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The Ongoing Relevance of Joseph Heller's "Catch-22"

The beauty of literature can often be captured years after a piece has been published. Oftentimes, as the world changes and new audiences are exposed to a work of writing, the meaning of the writing as well as the analysis that is born from its readers can become deeper and more applicable to audiences that were not even on the author’s mind when they penned out their work. 


Rarely has a piece of writing impacted me so strongly as when I went back to re-read Joseph Heller’s “Catch-22,” earlier this year. “Catch-22,” is a grimly hilarious novel that, on the surface, is Heller’s response to his own experiences in World War II flying 60 combat missions as a bombardier in Europe. His frustrations seep through into every one of the cast of characters that are introduced and fleshed out throughout the novel, making this a thoroughly anti-war novel. Heller’s comedic tale takes dark turns into the greed and business-like nature of warfare for the higher-ups in government and military prowess as the pawns, main character Yossarian and his fellow enlisted bombardiers, are forced to risk their lives on a daily basis for “the greater good.”


The element of Catch-22 that has kept it completely relevant in day-to-day life has been the simple fact that the novel’s title has become a common saying in the English language, whether its users know what their referencing or not. Catch-22’s main character Yossarian is one of the most hilarious, thoughtful, and relatable characters in any work of fiction I’ve read in my life. He is terrified of the missions he must fly in the war and spends the course of the novel trying with all of his might to go home, only to be consistently thwarted by the dastardly catch that is catch-22. 


There was only one catch and that was Catch-22, which specified that a concern for one's safety in the face of dangers that were real and immediate was the process of a rational mind. Orr was crazy and could be grounded. All he had to do was ask; and as soon as he did, he would no longer be crazy and would have to fly more missions. ... Yossarian was moved very deeply by the absolute simplicity of this clause of Catch-22 and let out a respectful whistle.”


In 2023, catch-22 is used to describe a situation with no reasonable way out. A lose-lose situation where the human right to make a choice is stripped away. The question that lingers is: does a catch-22 leave one optionless, or just make it much simpler to make a choice - the only choice? The gift that Heller provided the world when he wrote this novel is a piece of writing that allows the reader to escape reality and exist on the geographically bizarre, fictional Mediterranean island of Pianosa which is strictly inhabited by American war pilots and their bumbling, mentally insane superiors. The novel is chalk full of hilarious, mind-bending conversations that loop in circles of military incompetence like a dog chasing its own tail. Yossarian’s deeply personal take on the antics of warfare never cease to prod at the beauty of dark humor as he believes each and every Italian soldier who shoots at his squadron’s planes are out to kill him personally as if they had a raging vendetta out for his downfall.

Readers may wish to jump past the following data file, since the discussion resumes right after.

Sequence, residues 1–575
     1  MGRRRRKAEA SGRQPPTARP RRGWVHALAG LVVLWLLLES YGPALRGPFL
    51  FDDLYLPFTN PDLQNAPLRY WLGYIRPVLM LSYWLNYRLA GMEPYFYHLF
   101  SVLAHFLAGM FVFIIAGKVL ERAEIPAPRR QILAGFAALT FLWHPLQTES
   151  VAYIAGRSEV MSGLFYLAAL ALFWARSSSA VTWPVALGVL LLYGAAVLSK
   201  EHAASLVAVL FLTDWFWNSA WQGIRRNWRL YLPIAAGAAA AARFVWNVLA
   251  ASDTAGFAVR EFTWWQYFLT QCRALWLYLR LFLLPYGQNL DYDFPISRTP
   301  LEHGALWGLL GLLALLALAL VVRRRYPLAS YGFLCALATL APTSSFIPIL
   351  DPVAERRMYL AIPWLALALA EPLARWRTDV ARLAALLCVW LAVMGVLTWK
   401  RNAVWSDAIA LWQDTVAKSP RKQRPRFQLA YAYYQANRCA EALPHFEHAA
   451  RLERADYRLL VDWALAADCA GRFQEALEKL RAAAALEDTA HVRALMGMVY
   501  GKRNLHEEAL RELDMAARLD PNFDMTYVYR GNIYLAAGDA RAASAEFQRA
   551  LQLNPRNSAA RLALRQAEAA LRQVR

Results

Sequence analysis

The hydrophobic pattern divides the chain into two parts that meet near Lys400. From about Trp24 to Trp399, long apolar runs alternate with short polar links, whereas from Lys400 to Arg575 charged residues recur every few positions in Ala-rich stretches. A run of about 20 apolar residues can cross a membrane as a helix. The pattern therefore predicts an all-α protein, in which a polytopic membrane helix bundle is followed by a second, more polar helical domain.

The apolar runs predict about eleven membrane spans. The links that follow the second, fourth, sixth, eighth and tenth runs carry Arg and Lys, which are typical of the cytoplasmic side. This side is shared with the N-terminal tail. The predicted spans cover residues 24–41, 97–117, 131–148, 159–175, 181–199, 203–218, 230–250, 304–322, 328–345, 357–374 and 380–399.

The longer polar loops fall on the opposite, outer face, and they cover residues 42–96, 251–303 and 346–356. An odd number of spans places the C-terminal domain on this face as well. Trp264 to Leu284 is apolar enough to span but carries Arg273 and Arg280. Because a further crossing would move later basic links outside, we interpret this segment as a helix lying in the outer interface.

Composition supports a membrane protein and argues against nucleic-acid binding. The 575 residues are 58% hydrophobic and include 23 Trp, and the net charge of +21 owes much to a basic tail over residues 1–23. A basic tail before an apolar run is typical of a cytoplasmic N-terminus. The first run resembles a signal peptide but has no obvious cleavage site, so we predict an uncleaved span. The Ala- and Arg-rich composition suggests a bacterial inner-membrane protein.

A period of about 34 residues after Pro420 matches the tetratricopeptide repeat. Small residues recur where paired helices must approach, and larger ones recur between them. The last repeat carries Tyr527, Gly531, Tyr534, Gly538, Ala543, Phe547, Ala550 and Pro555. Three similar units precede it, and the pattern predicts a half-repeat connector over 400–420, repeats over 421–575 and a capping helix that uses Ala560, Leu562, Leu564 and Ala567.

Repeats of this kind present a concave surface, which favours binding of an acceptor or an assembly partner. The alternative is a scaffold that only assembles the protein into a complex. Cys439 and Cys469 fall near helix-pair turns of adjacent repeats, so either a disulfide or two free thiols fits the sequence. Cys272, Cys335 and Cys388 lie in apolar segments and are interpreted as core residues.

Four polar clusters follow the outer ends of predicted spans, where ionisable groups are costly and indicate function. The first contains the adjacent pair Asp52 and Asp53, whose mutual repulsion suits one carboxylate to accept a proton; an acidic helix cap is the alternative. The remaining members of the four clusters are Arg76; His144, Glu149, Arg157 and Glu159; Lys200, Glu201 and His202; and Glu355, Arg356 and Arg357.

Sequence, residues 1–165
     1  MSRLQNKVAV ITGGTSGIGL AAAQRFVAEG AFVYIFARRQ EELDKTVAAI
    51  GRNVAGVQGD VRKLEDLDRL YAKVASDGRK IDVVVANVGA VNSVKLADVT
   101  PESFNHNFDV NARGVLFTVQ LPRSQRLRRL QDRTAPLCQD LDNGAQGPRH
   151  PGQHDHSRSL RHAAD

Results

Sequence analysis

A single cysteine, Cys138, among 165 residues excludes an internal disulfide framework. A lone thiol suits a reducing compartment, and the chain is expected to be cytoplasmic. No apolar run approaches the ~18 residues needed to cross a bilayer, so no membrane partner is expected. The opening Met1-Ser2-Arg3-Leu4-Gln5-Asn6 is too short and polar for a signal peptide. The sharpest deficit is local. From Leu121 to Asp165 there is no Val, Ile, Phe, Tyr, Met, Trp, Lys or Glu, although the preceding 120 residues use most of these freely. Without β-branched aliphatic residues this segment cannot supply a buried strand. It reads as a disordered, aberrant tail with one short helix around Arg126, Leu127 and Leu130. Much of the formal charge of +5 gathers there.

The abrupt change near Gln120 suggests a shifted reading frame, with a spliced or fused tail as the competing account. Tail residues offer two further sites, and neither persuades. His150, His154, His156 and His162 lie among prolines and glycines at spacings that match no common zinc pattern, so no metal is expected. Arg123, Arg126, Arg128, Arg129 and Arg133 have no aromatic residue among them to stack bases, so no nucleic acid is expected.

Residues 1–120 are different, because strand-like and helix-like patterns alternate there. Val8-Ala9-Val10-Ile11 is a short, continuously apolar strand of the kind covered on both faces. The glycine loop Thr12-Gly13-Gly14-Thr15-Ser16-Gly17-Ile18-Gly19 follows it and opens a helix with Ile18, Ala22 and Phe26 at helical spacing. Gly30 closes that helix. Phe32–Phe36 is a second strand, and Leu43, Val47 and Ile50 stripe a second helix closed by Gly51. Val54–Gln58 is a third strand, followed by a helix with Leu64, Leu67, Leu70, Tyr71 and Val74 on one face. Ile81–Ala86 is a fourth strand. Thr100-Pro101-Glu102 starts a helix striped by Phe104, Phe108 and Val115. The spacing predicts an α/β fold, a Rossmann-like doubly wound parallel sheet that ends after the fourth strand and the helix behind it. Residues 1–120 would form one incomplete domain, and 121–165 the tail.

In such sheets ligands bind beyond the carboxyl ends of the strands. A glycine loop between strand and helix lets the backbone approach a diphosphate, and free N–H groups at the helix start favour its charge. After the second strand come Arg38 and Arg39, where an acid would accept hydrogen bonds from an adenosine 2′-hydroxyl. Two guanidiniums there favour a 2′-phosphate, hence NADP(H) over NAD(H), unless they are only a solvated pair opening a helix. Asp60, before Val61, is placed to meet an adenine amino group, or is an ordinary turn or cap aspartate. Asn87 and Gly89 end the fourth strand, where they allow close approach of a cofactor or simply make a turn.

One of the most outstanding character’s Heller crafted in Catch-22 is the anxious wreck that is Major Major. An incredibly smart yet socially pathetic man who’s father legally named him Major Major as a snide joke at his wife for taking ages to give birth to Major. It just so becomes Major’s luck that upon his arrival to Pianosa he is promoted in rank to none other than a major, turning his name into a crippling three-peat of ironic misfortune. Major’s iconic rule he establishes, once he has given up on social fulfillment, is that he will only take appointments for soldiers to consult with him when he is out of office. This leads to an ongoing joke of immense proportions as Major Major essentially becomes an urban legend as nobody ever sees him. 


Catch-22 was really the first novel of its kind. Heller is the first American author to blatantly strip the ideas of heroism and honor amongst American soldiers in war and instead protray them as insane, scared, and blindly following the orders of men who neither care for them or display as much intelligence as them. The increased popularity of the book as years went by came from this narrative being witnessed directly by the American public once the Vietnam War began and the United States’ addiction to preparing for and engaging in warfare overseas became blatantly clear for all to see.


Despite the never-ending stream of off-color jokes and bizarre characters being introduced in every chapter of the novel, Heller takes steep dives into the tragedy, ruin, and death that accompany these soldiers during their wartime experience. Shocking events like a murder-suicide by plane, the same pilot getting shot down countless times and still somehow finding his way back to base, and plain and simple loss of life, love, and passions are penned out throughout the 500 pages of this incredible novel. 


I will likely return to this book many times throughout my life as I take deep comfort in the relatability of its characters, the lived-in feeling of the scenery and setting, as well as the incredible comedic timing that Heller masterfully translated into a writing format, which is no easy feat. I’ve found Catch-22 to be an essential work of fiction for anyone to read and I do believe it will continue its reign of relevance and writing excellence in modern society for years to come.

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